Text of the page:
Well known in Chicagoland, but not so well known elsewhere, the Aon Center is the quiet, dignified supertall in the Chicago skyline. It lacks the flashy spires of Sears and Hancock, and instead goes for vertical stripes to add extra visual height to its already impressive stature. From a distance, the building feels like another boring grey 1970's stone block. But to really appreciate the Aon Center, you have to walk right up to it and crane your neck to see the top. Fortunately, this is possible thanks to a sunken plaza in front of the building with some rather extensive fountain work. This creates an area that is a pleasure for people on hot summer days, while at the same time protects the building from would-be truck bombers. Height and location give the Aon Center's tenants remarkable views in all directions. People facing south look over Grant Park; people with west-facing windows can look at The Loop; people with eastern exposures are treated to Lake Michigan sunrises and boating activities; and people on the northern face get to look up the Magnificent Mile and the Chicago coastline. But the news hasn't always been bright for the Aon Center. In fact, it has been routinely maligned in the print media. At first, critics called the building's design bland and uninspired. Later, things started going wrong with the building. Most famously, just after the building was completed, its famed marble facade began to buckle. Stainless steel straps were wrapped around the building to keep any large chunks from falling off. It was all replaced with white granite at a cost of $60,000,000.00 -- half what it cost to build the tower in the first place. That left the owners with 5,900 tons of unwanted marble. Some was turned into trinkets like paperweights. Some was donated to a company that makes trophies. A lot was used in landscaping at Governors State University, and at Amoco facilities across the nation.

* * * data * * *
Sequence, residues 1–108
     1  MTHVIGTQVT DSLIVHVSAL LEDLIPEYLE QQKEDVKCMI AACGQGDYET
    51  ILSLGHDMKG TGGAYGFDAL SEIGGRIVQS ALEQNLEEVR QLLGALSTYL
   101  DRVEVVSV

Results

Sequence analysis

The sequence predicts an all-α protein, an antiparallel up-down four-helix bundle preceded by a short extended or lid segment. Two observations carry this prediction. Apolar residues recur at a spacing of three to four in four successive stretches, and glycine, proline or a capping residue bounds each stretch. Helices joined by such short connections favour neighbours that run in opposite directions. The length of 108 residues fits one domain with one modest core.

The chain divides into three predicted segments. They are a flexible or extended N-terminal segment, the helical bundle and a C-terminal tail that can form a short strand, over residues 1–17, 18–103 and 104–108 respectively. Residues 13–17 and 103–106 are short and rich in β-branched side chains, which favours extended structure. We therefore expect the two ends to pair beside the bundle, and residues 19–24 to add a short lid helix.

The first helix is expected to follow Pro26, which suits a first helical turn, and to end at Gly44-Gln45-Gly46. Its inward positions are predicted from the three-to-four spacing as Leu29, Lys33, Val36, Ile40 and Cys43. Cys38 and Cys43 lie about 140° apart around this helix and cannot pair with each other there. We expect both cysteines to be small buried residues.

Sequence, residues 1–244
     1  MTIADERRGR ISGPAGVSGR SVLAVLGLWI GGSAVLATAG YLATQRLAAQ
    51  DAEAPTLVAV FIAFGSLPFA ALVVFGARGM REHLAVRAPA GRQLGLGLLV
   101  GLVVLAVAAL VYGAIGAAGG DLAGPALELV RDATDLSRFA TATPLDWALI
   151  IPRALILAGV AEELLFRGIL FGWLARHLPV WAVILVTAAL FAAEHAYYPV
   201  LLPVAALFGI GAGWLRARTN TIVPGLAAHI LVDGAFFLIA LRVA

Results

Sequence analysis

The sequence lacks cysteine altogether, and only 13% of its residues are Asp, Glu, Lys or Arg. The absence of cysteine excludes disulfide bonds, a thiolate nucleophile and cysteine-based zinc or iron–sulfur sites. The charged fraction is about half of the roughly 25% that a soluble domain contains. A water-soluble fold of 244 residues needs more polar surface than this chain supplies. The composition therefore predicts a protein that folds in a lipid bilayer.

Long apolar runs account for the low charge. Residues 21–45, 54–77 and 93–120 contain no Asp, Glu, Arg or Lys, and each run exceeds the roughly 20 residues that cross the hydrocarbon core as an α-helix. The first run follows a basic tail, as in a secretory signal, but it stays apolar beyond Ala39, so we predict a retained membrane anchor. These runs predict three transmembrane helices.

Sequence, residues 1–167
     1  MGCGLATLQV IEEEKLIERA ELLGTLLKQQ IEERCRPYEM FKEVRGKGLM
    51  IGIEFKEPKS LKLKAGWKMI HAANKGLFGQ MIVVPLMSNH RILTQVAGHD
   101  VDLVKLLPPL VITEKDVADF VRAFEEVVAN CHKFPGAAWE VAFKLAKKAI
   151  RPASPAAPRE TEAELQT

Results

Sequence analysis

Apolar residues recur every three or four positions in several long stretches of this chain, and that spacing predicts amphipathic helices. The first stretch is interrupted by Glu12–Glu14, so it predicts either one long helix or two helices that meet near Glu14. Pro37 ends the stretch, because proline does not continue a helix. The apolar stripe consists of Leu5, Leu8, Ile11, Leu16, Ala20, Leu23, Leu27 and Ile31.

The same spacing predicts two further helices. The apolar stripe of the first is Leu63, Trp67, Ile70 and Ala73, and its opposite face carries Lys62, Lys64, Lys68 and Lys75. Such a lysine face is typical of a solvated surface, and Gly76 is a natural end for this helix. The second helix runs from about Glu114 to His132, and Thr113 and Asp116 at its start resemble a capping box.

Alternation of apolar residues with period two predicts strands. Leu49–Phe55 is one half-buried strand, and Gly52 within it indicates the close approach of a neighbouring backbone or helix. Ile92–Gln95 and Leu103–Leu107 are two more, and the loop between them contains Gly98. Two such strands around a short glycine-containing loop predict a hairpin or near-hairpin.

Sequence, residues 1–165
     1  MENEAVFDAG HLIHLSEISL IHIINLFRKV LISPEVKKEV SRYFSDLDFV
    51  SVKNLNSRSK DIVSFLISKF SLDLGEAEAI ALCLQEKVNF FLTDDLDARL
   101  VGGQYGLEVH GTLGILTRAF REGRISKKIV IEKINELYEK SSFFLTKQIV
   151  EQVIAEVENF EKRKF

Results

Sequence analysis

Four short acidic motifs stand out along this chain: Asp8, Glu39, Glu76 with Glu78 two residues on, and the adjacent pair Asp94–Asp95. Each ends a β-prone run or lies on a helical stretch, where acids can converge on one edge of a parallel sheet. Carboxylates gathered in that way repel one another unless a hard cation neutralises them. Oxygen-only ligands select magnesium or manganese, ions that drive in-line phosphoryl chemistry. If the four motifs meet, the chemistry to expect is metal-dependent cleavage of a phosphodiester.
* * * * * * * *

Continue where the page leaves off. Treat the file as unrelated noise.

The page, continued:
- Construction start: 1970
- Construction finish: 1972
- Designed by: Edward Durell Stone & Associates and Perkins and Will Corporation
- Cost: $120,000,000
- Type: Skyscraper
- Stories: 83
- Maximum Height: 1,136 feet / 346 meters
- Stories above ground: 83
- Stories below ground: 5
- Rentable floor space: 2,700,000
- 1972: Construction completed.
- 1973: The Sears Tower surpasseed this building as the tallest building in Chicago.
- 1974: A slab of the marble facade came off the building and plunged through the roof of the Prudential Center Annex.
- 1989-1992: All 43,000 marble panels comprising the building's facade were replaced with granite from North Carolina. The marble panels were buckling and coming loose because of the harsh Chicago winters. It cost between $60- and $80,000,000 to replace all the stone.
- November, 1991: A routine inspection found that two steel columns in the building's lobby had to be reinforced. The Chicago Tribune reported that although building officials say there is no danger, additional steel plates are welded to the columns in question.
- 1998: This building was sold. The exact price was never made public, but estimated to be between $430,000,000 and $440,000,000.
- January 1, 2001: The building's name was changed to Aon Center.
- May, 2003 : The Aon Center was sold for $465,000,000.00.
- March, 2007: A plan emerged to convert the top 13 stories of this tower to residential apartments or condominiums.
- September, 2010: This building was named #20 on Chicago Magazine's list of the Top 40 Buildings in Chicago.
- July, 2015: This building was bought by Piedmont Office Realty Trust for $712 million.
(Credit; Chicago Architecture)
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Scanned : Photogrammetry (Processed using Agisoft PhotoScan)